Ramadan has always meant a time of joyous celebration with friends and family, the coming together in the evenings to break fast. This year, there is anxiety and fear among Nepal’s Muslims because of fears that they will be blamed for the virus. Since many Nepalis watch Hindi tv channels, some of the stigmatisation is due to the Indian media scapegoating Muslims for the spread of the virus there.
“Muslims in Nepal are a minority and have peacefully coexisted without any conflict for centuries, but now I dread the future, and the rise of xenophobia and intolerance spreading from across the border,” says Abdul Shamim, head of Nepal Jame Masjid.
In early April, 13 men from the Tablighi Jamaat living in a mosque in Udayapur tested positive for coronavirus, and 11 of them were Indian nationals who had come for religious instruction. The district has been virtually sealed off since then, and there has been contact tracing of people who they had been in close proximity with them.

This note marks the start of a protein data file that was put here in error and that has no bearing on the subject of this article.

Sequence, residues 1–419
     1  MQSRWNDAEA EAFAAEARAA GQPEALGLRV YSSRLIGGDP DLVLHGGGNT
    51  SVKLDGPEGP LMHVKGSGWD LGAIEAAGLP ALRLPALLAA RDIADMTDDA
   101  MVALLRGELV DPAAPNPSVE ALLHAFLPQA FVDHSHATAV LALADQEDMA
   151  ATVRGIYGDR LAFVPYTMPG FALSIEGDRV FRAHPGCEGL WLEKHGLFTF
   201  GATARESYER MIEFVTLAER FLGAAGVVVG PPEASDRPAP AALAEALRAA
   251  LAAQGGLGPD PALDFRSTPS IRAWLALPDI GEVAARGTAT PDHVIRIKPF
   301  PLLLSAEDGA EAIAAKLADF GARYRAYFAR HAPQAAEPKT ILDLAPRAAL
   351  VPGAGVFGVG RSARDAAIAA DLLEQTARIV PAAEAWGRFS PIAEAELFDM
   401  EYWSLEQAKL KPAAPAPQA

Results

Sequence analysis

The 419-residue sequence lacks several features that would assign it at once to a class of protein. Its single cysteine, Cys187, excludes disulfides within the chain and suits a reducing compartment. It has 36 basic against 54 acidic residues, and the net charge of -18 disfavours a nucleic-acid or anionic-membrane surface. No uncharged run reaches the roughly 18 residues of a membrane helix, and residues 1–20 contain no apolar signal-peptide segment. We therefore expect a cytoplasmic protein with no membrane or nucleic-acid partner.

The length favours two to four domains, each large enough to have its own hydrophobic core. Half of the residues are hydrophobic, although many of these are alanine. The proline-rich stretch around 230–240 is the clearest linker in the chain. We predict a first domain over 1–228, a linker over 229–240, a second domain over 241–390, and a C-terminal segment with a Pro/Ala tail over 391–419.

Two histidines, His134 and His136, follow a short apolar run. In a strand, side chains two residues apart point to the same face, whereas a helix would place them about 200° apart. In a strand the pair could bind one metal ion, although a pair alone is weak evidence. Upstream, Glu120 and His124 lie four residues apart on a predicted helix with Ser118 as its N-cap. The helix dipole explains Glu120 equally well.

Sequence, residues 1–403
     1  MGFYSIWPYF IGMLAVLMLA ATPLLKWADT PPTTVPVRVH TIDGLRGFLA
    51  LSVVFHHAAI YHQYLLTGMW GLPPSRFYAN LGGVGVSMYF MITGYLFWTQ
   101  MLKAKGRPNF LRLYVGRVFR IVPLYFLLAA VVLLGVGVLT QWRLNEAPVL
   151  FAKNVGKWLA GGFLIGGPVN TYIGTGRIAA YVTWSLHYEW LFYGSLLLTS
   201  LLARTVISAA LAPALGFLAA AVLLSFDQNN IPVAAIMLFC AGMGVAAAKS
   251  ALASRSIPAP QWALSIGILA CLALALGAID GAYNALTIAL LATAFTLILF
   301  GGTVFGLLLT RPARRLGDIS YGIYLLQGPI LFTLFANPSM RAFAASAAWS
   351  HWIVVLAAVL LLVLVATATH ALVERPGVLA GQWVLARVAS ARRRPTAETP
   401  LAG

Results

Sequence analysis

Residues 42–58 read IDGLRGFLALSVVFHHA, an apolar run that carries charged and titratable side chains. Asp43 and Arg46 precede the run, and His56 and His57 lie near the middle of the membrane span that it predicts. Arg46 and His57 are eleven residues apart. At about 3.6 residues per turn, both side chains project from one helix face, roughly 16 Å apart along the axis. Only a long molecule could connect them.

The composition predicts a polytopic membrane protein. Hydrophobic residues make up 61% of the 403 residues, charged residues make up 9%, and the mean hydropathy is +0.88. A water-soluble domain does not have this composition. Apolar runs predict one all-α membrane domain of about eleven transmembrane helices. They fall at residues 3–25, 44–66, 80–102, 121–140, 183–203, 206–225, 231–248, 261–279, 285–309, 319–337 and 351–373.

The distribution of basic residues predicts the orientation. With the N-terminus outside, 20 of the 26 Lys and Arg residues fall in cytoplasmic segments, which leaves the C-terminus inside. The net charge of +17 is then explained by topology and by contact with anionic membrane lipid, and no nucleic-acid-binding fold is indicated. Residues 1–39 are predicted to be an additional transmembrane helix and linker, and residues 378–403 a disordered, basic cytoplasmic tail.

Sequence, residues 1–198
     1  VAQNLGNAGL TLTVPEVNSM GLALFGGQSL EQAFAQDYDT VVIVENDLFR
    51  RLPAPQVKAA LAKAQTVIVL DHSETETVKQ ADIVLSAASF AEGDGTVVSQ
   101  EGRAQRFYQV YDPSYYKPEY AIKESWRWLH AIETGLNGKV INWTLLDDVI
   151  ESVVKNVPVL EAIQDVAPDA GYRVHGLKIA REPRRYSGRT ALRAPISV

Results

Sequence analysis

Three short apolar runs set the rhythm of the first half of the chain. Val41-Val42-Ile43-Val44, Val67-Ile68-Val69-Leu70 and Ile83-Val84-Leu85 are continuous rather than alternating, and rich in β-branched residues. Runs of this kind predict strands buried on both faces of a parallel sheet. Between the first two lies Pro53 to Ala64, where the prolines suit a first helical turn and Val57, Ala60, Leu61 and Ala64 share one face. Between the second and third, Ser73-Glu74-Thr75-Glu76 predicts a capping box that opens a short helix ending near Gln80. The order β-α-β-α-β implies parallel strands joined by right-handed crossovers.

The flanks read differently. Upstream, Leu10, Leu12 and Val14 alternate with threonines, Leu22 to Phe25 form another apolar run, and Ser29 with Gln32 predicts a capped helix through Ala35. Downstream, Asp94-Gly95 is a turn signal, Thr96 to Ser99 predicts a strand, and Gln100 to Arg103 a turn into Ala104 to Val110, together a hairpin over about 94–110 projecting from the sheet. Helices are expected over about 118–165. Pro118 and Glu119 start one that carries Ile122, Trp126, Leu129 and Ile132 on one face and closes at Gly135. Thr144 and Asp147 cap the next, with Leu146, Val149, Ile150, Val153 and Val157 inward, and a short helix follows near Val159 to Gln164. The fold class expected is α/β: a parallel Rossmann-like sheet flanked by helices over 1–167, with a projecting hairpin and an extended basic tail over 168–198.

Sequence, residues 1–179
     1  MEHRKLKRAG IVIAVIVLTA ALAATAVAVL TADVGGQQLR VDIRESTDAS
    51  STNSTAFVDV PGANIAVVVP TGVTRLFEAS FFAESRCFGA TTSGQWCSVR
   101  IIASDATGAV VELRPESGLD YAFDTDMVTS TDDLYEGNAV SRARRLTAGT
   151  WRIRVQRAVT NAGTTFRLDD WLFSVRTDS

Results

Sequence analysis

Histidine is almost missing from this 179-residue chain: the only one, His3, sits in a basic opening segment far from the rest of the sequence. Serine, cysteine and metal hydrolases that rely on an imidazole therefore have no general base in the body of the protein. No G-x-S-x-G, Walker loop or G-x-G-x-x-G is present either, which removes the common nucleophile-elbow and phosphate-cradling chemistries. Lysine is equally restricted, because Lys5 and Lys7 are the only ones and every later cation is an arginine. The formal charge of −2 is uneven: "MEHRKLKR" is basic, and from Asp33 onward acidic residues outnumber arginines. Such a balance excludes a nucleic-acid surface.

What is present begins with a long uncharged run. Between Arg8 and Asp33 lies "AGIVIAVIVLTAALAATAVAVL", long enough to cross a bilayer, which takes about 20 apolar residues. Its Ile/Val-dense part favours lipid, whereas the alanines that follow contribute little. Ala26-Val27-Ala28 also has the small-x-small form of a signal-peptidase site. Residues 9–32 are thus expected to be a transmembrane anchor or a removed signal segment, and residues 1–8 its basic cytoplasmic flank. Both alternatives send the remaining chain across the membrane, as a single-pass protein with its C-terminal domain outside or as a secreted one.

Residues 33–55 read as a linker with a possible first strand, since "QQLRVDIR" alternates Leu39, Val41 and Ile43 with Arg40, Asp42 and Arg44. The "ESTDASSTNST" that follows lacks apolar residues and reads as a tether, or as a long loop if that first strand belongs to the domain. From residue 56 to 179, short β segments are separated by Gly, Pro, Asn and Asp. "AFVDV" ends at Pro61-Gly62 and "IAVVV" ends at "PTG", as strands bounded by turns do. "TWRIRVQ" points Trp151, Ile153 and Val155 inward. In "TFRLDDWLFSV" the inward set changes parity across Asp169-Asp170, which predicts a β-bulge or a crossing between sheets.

Nepali Muslims on the margin, Prakriti Kandel
Najbul Nilam Khan, a rights activist in Udayapur, is worried. Although a majority of those who tested positive were Indians, locals have virtually ostracised the Muslim community there, she says.
“They try to avoid conversation and just look the other way when they see us passing by on the road, neighbours avoid any sort of conversation with us even from distance. Sometimes eyes speak louder than words,” she told us on the phone.
While world has been hit hard by the global pandemic, in India and Nepal it is mainly the Muslims in particular who find themselves bearing the stigma – largely because of the social media and tv networks stereotyping them. During such a crisis, Ramadan would have been a time for solidarity and bringing the community together, but even that is not possible because of the lockdown.